Complex zoning between super-calcic pigeonite and augite from the Graveyard Point sill, Oregon: a record of the interplay between bulk and interstitial liquid fractionation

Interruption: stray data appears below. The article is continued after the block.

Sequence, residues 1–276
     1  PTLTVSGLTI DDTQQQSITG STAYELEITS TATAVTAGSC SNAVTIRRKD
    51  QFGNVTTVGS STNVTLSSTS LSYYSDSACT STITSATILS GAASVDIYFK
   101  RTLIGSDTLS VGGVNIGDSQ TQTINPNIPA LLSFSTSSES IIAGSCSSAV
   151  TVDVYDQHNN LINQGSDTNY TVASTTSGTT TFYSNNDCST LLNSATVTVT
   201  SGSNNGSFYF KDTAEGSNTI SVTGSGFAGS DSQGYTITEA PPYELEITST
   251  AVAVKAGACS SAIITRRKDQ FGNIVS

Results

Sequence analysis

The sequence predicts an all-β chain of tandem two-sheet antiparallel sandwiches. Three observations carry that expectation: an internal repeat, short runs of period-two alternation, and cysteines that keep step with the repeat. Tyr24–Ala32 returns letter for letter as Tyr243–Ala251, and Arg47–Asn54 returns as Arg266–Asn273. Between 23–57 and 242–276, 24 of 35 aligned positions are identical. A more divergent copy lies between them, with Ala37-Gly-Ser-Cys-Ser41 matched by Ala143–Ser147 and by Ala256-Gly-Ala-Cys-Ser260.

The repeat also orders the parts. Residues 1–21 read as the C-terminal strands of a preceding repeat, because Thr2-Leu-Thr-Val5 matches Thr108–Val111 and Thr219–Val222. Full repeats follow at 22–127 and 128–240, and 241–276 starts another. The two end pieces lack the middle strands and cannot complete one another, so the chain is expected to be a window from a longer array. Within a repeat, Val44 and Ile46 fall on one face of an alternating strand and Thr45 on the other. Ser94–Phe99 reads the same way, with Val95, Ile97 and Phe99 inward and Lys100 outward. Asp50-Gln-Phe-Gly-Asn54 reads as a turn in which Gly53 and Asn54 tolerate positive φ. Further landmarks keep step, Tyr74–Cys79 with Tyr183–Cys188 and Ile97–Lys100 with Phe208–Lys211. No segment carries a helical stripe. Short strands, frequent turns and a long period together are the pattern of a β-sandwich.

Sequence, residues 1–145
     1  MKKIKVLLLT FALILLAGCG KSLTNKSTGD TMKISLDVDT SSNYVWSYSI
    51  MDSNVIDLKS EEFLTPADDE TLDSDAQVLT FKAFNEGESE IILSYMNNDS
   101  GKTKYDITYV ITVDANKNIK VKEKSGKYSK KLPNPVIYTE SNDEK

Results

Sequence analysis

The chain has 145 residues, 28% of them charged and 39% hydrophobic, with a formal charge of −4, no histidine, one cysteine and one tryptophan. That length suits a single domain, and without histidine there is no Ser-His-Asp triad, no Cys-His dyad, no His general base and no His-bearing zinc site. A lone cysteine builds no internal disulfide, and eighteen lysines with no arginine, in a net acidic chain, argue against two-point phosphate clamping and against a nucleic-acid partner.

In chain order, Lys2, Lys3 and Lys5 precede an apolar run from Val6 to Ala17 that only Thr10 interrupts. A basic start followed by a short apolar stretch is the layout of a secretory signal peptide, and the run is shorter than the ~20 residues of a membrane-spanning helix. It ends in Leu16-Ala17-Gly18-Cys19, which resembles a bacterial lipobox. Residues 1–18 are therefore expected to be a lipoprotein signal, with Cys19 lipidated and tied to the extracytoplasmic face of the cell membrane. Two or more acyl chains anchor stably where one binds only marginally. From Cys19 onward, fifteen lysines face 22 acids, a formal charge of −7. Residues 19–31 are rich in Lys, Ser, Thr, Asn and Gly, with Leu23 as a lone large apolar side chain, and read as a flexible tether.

The 150m thick late Miocene Graveyard Point sill (GPS) is situated at the Idaho-Oregon border near the southwestern edge of the western Snake River Plain. It records from bottom to top continuous fractional crystallization of a tholeiitic parent magma (lower chilled border, FeO/(FeO+MgO)=0.59, Ni=90ppm) towards granophyres (late pods and dikes, FeO/(FeO+MgO)=0.98, 78wt% SiO2 3.5 wt% K2O, <4ppm Ni) showing a typical trend of Fe and P enrichment. Fractionating minerals are olivine (Fo79-Fo2), augite (XFe=0.18-0.95), feldspars (An80Or1-An1Or62), Fe-Ti oxides (Ti-rich magnetite and ilmenite), apatite and in two samples super-calcic pigeonite (Wo18-28 Fs41-54). The granophyres may bear some quartz. Compositionally zoned minerals record a large interval of the fractionation process in every single sample, but this interval changes with stratigraphic height. In super-calcic pigeonite-bearing samples, olivine is scarce or lacking and because super-calcic pigeonite occurs as characteristic overgrowths on augite, its formation is interpreted to be related to the schematic reaction: augite + olivine (component in melt) + SiO2 (in melt)=pigeonite, that defines the cotectic between augite and pigeonite in olivine-saturated basaltic systems. Line measurements with the electron microprobe reveal that the transition from augite to super-calcic pigeonite is continuous. However, some crystals show an abrupt ``reversal'' towards augite after super-calcic pigeonite growth. Two processes compete with each other in the GPS: fractional crystallization of the bulk liquid (the bulk melt separates from solids and interstitial liquids in the solidification front) and fractional crystallization of interstitial melt in the solidification front itself. Interplay between those two processes is proposed to account for the observed variations in mineral chemistry and mineral textures.